As Josef K (Anthony Perkins) is woken in his room by a shadowy law-man, he is arrested and charged. Ignorant of what he has been accused of yet eager to protest his innocence, K travels to confront the judicial system. Yet facing a labyrinthine network of lawyers, judges and criminals, K struggles to uphold his virtuous nature in the face of this tirade of accusation.
Stylised swathes of darkness lead the viewer into The Trial, remaining omnipresent throughout K’s futile battle against the establishment. Startlingly true to an often surreal book, Welles skilfully uses shadow to communicate the oppressive nature of Kafka’s text. The law lurks in every corner of this world, planting an inescapable mark on the physiological and psychological states of its inhabitants. With low camera angles, even the ceilings become agents of the state, at one point forcing a downtrodden man to crawl under their weight. The expansiveness of the outside world is little of an escape, an apocalyptic wasteland that remains chillingly familiar to K. Harking back to the unsettlingly angular and artificial environment of Das Cabinet des Dr. Caligari, The Trial creates a world buckling under injustice; never beautiful but constantly startling in its style.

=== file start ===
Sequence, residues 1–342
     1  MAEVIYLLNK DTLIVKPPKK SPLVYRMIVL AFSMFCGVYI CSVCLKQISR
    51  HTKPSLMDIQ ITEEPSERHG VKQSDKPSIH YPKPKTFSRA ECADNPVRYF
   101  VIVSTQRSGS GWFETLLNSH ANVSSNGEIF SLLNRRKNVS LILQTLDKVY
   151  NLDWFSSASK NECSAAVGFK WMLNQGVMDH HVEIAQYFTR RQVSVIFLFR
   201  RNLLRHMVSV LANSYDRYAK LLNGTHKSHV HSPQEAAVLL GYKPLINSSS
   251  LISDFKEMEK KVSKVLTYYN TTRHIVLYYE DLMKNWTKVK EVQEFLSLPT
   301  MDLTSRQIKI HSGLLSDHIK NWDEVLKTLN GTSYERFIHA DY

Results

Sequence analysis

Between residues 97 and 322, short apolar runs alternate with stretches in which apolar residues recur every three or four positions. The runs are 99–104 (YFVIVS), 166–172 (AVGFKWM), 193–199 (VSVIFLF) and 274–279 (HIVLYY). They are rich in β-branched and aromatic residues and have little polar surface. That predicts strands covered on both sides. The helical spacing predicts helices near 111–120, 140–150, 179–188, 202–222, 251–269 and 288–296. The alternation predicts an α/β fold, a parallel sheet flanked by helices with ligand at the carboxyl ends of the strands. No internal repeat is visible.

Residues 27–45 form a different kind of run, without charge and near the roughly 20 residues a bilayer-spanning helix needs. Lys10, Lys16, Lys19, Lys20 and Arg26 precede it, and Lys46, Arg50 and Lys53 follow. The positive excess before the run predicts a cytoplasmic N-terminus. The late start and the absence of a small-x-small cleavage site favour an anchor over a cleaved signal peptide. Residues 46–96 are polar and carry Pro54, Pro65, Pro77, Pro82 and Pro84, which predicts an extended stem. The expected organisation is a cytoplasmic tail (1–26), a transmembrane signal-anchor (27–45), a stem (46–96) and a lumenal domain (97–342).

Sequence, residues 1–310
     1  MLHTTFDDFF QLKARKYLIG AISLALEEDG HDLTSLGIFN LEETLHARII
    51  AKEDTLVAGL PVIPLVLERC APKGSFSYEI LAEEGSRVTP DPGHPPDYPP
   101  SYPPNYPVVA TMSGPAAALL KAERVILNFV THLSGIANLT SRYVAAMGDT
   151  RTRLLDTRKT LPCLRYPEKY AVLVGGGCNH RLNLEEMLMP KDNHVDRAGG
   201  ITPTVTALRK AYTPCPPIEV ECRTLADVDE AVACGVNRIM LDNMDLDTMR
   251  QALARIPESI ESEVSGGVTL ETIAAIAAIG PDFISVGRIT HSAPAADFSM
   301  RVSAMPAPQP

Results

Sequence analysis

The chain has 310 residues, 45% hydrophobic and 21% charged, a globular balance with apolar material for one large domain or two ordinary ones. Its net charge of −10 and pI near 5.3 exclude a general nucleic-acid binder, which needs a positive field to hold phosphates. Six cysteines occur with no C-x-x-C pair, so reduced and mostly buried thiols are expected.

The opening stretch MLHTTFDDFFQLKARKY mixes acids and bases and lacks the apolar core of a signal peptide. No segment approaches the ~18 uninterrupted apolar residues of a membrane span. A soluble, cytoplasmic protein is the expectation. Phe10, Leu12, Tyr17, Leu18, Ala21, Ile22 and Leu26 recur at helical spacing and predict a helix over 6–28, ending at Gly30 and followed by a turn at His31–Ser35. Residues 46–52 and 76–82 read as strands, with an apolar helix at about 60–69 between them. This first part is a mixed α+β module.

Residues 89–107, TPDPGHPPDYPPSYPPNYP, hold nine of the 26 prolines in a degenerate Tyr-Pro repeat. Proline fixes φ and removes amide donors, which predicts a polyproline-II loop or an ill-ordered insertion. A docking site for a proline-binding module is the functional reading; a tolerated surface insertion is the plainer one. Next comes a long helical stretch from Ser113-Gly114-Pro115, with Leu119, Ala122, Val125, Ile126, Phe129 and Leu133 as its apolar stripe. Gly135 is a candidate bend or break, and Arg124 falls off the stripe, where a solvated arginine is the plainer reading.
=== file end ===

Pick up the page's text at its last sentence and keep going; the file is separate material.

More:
Forming K into a jittery man-child, Perkins’ portrayal of Kafka’s protagonist remains a significant divergence from the original text. While the book used the intelligence of K to amplify the impossible nature of the failing system of law, Welles’ The Trial misses out on such an impact by making K into an individual caught unawares. However, Perkins remains superbly driven throughout and creates a powerfully pathetic central pillar for the film. Playing Albert Hassler, Welles, unsurprisingly, doesn’t miss out on the opportunity to remould an originally frail character into a rambunctious monolith. While not exerting the same impact as he did over The Third Man, Hassler becomes a fitting figure of power. Disappointingly, in his directorial role, Welles makes the decision to alter Kafka’s finale and an incredibly powerful literary ending. This ultimately taints The Trial’s dénouement but surprisingly does not detract from the impact of the preceding two hours. The film is majestic and essential. The verdict: stunning.